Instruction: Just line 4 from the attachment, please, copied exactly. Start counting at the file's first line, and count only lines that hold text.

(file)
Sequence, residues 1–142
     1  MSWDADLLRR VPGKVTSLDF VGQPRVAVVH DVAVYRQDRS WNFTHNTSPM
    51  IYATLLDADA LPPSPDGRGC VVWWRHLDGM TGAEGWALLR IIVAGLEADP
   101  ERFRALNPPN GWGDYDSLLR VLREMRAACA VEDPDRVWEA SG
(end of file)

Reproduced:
   101  ERFRALNPPN GWGDYDSLLR VLREMRAACA VEDPDRVWEA SG